Then she talks about “retrieval practice,” and this one is really interesting. It calls for using tests as a way to reinforce learning, not to assess it. So more tests? That throws me for a bit of a loop, given my general attitude toward tests (which is strongly influenced by the nature of our state tests and the weight they carry), but it makes sense. Murphy Paul: “Every time we pull up a memory, we make it stronger and more lasting, so that testing doesn’t just measure, it changes learning.”
That also gets me excited about the explosion of online test and quiz generators. Sites like Veri (still in beta), Quizlet, QuizBreak, and all these sites that Larry Ferlazzo put together could help us cash in on the value of retrieval practice.
And then there’s the finding that when we work harder to understand information we can recall it better. Apparently, psychologists have even found that the following techniques help learning: “sprinkling a passage with punctuation mistakes, deliberately leaving out letters, shrinking font size until it’s tiny or wiggling a document while it’s being copied so that words come out blurry.”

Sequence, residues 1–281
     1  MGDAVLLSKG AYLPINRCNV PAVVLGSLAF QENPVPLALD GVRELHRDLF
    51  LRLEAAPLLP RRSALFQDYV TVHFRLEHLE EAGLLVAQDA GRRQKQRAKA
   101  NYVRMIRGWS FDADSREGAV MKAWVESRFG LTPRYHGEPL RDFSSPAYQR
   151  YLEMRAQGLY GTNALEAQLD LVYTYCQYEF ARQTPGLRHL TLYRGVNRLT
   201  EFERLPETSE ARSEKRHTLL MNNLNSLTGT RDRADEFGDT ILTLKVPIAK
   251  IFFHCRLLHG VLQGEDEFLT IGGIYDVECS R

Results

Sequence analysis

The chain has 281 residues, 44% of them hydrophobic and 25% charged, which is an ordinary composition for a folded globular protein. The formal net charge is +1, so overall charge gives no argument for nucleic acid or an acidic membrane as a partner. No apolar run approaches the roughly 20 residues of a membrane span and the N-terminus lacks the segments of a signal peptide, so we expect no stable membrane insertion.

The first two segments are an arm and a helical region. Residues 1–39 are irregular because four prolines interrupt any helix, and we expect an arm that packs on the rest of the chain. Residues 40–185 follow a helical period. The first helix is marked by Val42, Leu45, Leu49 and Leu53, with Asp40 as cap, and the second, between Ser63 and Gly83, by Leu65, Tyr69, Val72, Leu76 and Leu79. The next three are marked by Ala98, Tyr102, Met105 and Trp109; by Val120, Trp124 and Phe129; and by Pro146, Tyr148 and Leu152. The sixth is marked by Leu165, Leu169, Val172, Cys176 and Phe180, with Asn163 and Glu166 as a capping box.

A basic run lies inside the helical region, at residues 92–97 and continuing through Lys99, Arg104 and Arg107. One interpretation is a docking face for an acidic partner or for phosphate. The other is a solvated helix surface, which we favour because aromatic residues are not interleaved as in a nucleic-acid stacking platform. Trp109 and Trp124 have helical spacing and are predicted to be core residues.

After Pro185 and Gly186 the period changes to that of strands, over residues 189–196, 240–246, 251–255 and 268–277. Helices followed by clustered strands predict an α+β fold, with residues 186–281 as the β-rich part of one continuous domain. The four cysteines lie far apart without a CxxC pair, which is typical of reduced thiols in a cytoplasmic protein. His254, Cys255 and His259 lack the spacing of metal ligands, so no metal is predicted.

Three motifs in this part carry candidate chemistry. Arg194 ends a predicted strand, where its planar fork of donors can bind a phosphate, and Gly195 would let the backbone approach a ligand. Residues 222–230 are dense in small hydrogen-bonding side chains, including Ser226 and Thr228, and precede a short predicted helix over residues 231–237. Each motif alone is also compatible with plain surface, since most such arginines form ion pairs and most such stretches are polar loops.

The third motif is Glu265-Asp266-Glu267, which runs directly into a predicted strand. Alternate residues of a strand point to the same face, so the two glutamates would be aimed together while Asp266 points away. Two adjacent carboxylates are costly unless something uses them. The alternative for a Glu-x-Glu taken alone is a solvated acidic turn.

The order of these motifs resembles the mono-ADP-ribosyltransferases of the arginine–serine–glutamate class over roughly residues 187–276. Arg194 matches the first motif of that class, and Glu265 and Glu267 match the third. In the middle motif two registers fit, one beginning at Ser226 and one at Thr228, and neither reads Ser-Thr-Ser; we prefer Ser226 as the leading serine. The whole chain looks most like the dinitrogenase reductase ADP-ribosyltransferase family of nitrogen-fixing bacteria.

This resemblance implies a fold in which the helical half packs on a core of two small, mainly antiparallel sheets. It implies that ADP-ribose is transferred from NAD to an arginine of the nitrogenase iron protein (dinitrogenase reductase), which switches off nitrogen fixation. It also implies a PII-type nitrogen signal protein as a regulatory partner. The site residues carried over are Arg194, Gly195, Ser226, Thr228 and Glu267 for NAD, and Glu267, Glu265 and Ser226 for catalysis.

That makes me feel really good about my budget-saving practice of reducing the size of my handouts to fit four pages of text on one sheet of paper.
I know I promised to get cynical, but now I don’t feel like it. I’m excited about this strategy of making myself harder to understand to my students. I might put marbles in my mouth tomorrow before a lecture. Is that cynical?